• *All* popularity contests seem silly to me, because they’re so superficial. But if they’d crown chaps like Stephen Hawking prom king, now THAT would be a party for which I’d actually wear a tiara!

    • Hahaha, Carla! What a wonderful surprise to hear from you! When I read your first comment I was a bit confused because it was someone who clearly knew me — but I didn’t recognize the face or name. And when you described yourself as wearing sweats with Mary Jane shoes … well, I was *really* confused! (Somehow, D’Andre didn’t seem like the Mary Janes type. 🙂 Anyway, thank you so much for your kind words. I always thought you were WAY super cool!

    • Yay! ¡Hola, guapa! THAT’S more like it! 🙂 Though now I’m wondering if that other guy will get my replies? Because I told him I was worried about his choice of footwear. Ha ha!

  2. Wow I hope their business goes down the pan just like the Ratners jewellery co. did back in the late 80s early 90s after describing there products as “rubbish”.

    I wasn’t popular at school but as an adult gained my popularity and “coolness” lol.

    In fact your sister saw how cool I was by befriending me on a social network site and hey presto ended up visiting me across the pond last year after I invited her to the Olympics! 🙂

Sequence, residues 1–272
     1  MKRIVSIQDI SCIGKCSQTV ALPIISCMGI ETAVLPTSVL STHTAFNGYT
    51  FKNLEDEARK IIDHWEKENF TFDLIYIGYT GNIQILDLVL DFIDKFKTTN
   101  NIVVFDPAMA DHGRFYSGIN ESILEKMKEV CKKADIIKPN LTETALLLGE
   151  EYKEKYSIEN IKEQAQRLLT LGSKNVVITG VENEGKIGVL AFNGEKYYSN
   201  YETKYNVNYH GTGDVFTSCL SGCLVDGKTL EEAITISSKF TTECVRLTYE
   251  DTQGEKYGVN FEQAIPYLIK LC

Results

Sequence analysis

• Rach! Is that you??! Your note just made me week. Thank you! As another of your (unnamed social network) friends I can attest to your popularity, coolness and charisma. And I hope to copy my sister one of these days by hopping across the pond paying you a visit. (Though we’ll probably have to do without the Olympics. Haha.)

      • Yes it’s me!
        Well you are very welcome, we would love to show you the sights!

        You won’t find many people wearing A&F, they have better things to spend their hard earned money on 😉

  3. Holy crap! That CEO is a real pill. What a jerk. Honestly, I was a teen in the 70’s and your attire get’s a thumbs up from me. It used to be, most kids wore hand-me-downs. But I suppose the same people that grew up wearing cheap knock-offs (where I grew up anyways) are the same crew that really want their kids to have ‘everything’ now. I guess with less kids in the household now, there’s more $$ to go around. I don’t know if it’s better for character building, but most look models these days.
    I’m sure sorry you were bullied. I believe in Karma, so you gotta know they’re a miserable bunch now 😀